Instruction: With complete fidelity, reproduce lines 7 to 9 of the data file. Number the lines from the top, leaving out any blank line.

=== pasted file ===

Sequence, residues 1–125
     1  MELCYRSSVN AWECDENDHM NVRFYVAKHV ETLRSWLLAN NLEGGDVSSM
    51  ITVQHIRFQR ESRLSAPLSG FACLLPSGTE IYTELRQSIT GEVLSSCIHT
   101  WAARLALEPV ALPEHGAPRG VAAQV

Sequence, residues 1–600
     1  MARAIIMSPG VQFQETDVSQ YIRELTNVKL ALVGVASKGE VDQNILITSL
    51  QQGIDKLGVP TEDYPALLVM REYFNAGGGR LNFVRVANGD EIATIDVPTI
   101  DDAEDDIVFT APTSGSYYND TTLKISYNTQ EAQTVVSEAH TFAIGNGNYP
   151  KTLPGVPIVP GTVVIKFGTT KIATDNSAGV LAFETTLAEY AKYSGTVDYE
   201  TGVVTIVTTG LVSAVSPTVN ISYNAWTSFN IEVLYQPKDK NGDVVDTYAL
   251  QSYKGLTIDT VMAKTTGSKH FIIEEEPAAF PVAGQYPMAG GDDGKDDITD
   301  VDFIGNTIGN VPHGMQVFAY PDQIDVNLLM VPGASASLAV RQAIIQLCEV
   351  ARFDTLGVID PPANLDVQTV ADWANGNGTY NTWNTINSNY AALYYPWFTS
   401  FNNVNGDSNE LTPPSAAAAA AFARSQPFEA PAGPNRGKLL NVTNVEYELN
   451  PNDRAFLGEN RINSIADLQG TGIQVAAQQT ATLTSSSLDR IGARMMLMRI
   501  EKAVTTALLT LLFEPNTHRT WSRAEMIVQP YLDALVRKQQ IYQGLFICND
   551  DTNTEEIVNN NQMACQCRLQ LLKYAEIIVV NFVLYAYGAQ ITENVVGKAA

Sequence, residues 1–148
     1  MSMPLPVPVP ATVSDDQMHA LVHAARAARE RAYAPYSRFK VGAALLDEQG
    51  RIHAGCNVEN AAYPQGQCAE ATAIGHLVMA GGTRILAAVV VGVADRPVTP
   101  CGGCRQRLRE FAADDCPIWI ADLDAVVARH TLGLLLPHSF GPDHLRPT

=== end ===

    51  QQGIDKLGVP TEDYPALLVM REYFNAGGGR LNFVRVANGD EIATIDVPTI
   101  DDAEDDIVFT APTSGSYYND TTLKISYNTQ EAQTVVSEAH TFAIGNGNYP
   151  KTLPGVPIVP GTVVIKFGTT KIATDNSAGV LAFETTLAEY AKYSGTVDYE